Image: A scanning electron micrograph (SEM) of an ovarian cancer cell (Photo courtesy of Steve Gschmeissner / SPL).
Cancer researchers have proposed using a network of circulating microRNAs to diagnose ovarian carcinoma at a stage earlier than currently possible.
MicroRNAs (miRNAs) are a family of noncoding 19- to 25-nucleotide RNAs that regulate gene expression by targeting messenger RNAs (mRNAs) in a sequence specific manner, inducing translational repression or mRNA degradation, depending on the degree of complementarity between miRNAs and their targets. Many miRNAs are conserved in sequence between distantly related organisms, suggesting that these molecules participate in essential processes. In fact, miRNAs have been shown to be involved in the regulation of gene expression during development, cell proliferation, apoptosis, glucose metabolism, stress resistance, and cancer.
Screening techniques are currently not available for early stage ovarian cancer, making it challenging to diagnose the disease. As recent studies have suggested a role for non-coding RNAs in epithelial ovarian cancer (EOC), investigators at Brigham and Women's Hospital (Boston, MA, USA) and Dana-Farber Cancer Institute (Boston, MA, USA) evaluated the diagnostic potential for a serum miRNA neural network for detection of ovarian cancer.
The investigators combined small RNA sequencing from 179 human serum samples with neural network analysis to produce a miRNA algorithm for diagnosis of EOC. The model significantly outperformed CA125 testing and functioned well regardless of patient age, histology, or stage. Among 454 patients with various diagnoses, the miRNA neural network had 100% specificity for ovarian cancer. After using 325 samples to adapt the neural network to qPCR measurements, the model was validated using 51 independent clinical samples, with a positive predictive value of 91.3% and negative predictive value of 78.6%. Biologic relevance was tested using in situ hybridization on 30 pre-metastatic lesions, showing intratumoral concentration of relevant miRNAs.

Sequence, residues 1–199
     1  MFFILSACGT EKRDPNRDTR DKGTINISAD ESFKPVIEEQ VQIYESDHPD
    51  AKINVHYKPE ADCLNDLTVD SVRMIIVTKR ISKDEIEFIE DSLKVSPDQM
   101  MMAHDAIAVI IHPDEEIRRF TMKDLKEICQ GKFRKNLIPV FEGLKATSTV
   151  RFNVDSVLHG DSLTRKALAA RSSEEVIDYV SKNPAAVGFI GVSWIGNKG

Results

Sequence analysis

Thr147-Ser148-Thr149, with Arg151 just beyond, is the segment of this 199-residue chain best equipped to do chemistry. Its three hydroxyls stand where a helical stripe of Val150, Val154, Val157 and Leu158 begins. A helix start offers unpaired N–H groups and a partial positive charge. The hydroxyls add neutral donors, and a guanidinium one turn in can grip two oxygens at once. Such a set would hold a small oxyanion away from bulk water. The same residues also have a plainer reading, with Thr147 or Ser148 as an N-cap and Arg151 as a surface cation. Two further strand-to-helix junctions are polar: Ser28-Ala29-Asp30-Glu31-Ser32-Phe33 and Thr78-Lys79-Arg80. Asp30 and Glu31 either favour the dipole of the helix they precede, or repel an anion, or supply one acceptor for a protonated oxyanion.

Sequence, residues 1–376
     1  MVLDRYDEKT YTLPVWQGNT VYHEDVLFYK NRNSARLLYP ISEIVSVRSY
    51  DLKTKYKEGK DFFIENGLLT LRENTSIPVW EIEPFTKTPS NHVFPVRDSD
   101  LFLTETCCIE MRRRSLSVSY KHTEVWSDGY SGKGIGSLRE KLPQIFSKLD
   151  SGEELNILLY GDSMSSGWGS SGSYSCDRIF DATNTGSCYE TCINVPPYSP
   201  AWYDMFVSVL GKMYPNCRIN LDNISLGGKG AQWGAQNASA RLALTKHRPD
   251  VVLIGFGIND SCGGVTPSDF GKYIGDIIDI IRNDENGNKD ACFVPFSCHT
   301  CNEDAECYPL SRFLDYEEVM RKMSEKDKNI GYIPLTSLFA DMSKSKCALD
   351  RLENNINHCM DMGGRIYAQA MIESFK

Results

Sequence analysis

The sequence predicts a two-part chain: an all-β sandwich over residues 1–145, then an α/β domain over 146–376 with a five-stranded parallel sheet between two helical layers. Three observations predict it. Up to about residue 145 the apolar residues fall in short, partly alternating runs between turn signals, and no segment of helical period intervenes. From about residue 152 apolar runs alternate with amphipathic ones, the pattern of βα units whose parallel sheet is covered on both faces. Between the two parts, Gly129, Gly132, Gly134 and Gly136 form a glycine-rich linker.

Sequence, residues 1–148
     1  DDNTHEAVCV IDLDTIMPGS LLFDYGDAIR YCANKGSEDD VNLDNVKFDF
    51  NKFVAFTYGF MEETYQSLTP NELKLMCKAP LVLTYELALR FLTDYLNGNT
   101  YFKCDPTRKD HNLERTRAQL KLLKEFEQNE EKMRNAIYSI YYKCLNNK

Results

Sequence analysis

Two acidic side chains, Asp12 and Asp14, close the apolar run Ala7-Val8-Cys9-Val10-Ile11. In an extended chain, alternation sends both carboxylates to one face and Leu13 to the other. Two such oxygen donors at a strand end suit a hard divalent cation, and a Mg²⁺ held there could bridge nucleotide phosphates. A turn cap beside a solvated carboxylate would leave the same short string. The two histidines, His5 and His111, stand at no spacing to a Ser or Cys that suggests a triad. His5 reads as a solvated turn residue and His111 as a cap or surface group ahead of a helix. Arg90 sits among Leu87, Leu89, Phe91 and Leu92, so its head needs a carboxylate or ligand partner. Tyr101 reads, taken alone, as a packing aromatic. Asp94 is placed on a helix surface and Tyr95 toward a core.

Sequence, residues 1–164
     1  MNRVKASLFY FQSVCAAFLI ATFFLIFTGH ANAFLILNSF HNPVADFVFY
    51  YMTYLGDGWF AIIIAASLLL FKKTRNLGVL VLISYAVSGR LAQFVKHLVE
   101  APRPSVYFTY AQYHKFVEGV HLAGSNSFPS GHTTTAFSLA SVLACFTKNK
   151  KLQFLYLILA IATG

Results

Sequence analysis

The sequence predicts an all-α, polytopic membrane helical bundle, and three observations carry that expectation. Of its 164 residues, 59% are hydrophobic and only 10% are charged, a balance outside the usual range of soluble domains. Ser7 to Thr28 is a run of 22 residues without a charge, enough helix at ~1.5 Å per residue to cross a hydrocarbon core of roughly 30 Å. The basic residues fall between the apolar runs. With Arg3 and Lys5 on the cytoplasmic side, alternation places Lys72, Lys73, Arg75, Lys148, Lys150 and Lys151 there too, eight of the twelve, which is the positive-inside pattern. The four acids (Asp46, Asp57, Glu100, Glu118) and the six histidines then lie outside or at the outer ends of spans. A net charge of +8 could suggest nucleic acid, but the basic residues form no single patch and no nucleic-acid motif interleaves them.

"The key is that this test is very unlikely to misdiagnose ovarian cancer and give a positive signal when there is no malignant tumor. This is the hallmark of an effective diagnostic test," said senior author Dr. Dipanjan Chowdhury, chief of the division of radiation and genomic stability at Dana-Farber Cancer Institute.
The miRNA test for early detection of ovarian cancer was described in the October 31, 2017, online edition of the journal eLife.
Brigham and Women's Hospital
Dana-Farber Cancer Institute